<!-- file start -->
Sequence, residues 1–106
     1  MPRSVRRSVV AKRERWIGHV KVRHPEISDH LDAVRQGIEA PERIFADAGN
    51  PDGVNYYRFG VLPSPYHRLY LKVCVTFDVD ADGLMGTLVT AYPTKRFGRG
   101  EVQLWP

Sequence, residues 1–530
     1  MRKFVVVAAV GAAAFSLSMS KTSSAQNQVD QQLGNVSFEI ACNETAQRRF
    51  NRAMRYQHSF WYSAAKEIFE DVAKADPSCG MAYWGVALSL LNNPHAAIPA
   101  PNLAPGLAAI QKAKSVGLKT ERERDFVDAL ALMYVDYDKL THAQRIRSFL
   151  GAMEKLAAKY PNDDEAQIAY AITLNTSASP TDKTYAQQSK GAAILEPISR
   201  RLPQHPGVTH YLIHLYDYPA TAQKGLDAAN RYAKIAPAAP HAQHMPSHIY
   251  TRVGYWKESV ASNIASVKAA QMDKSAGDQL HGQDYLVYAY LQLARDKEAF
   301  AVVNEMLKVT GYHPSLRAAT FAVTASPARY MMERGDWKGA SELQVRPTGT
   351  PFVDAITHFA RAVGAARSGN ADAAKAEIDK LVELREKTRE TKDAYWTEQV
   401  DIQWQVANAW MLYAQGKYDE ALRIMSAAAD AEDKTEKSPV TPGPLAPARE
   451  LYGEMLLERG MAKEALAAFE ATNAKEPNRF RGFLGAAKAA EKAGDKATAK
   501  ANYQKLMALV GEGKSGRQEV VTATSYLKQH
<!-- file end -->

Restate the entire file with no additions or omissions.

Sequence, residues 1–106
     1  MPRSVRRSVV AKRERWIGHV KVRHPEISDH LDAVRQGIEA PERIFADAGN
    51  PDGVNYYRFG VLPSPYHRLY LKVCVTFDVD ADGLMGTLVT AYPTKRFGRG
   101  EVQLWP

Sequence, residues 1–530
     1  MRKFVVVAAV GAAAFSLSMS KTSSAQNQVD QQLGNVSFEI ACNETAQRRF
    51  NRAMRYQHSF WYSAAKEIFE DVAKADPSCG MAYWGVALSL LNNPHAAIPA
   101  PNLAPGLAAI QKAKSVGLKT ERERDFVDAL ALMYVDYDKL THAQRIRSFL
   151  GAMEKLAAKY PNDDEAQIAY AITLNTSASP TDKTYAQQSK GAAILEPISR
   201  RLPQHPGVTH YLIHLYDYPA TAQKGLDAAN RYAKIAPAAP HAQHMPSHIY
   251  TRVGYWKESV ASNIASVKAA QMDKSAGDQL HGQDYLVYAY LQLARDKEAF
   301  AVVNEMLKVT GYHPSLRAAT FAVTASPARY MMERGDWKGA SELQVRPTGT
   351  PFVDAITHFA RAVGAARSGN ADAAKAEIDK LVELREKTRE TKDAYWTEQV
   401  DIQWQVANAW MLYAQGKYDE ALRIMSAAAD AEDKTEKSPV TPGPLAPARE
   451  LYGEMLLERG MAKEALAAFE ATNAKEPNRF RGFLGAAKAA EKAGDKATAK
   501  ANYQKLMALV GEGKSGRQEV VTATSYLKQH